Governance is in short supply everywhere
But we should seize the moment to create regulatory structures that become the envy of the world
It is tempting to think that we live in a country of low standards and dirty deeds in both political and corporate life. Maybe we do, but it is also clear, to me at least, that governance is in short supply pretty much everywhere.
Some years ago I had occasion to sit behind two CEOs of multinational firms, with significant operations in Ireland, on a flight to New York. They were comparing notes on the most corrupt countries in the world in which to do business. I guessed that they were going to name some far-flung country with a tin-pot dictator and not much legal structure. I even wondered, briefly, whether Ireland would be mentioned. They quickly agreed that the country in question was the United States.
That is not much evidence upon which to base conclusions about global corporate governance – and I have often wondered how serious they really were. But the story does illustrate what we know about corporate governance around the world: it is a very troubled area.
Niall Fitzgerald, once chairman and chief executive of Unilever, a few years ago wrote in this newspaper of his concerns about the way business is conducted in Ireland and how he feared that he would have had to compromise his principles if he had pursued a career here. My recollection is that his pretty damning indictment of Irish governance and ethics caused barely a ripple.
Ethics and governance are often intertwined, sometimes quite distinct. Brian Lenihan was obviously a very ethical man, who set himself incredibly high standards. The mistakes his office made seem to me to be a catastrophic failure of governance: he was so badly advised. We had the financial equivalent of a nuclear accident and sent in the equivalent of plumbers and carpenters to fix it.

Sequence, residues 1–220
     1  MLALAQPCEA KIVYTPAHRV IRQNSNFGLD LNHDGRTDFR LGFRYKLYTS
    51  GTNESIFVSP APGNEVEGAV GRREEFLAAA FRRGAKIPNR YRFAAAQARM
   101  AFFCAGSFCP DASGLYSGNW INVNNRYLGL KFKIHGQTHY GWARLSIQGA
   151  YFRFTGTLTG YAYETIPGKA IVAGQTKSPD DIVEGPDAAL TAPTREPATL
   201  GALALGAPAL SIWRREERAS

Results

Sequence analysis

To this day we hear people saying there was no alternative to the blanket bank guarantee. That’s just wrong, in my view. We had the option of just guaranteeing future bond issuance by the banks, for example.
And I would really like to chat to those people who told Lenihan that Anglo and INBS were of “systemic” importance.
It is always clear when ethics are lacking. What is harder, much harder, is any attempt to define what exactly we mean by the term “ethical”. One of the key trade bodies of my own (recent) business – investment management – is the Chartered Financial Analysts Institute. It has an admirable one-page summary of what it considers ethical behaviour to be. But its “standards of practice” handbook runs to 219 pages.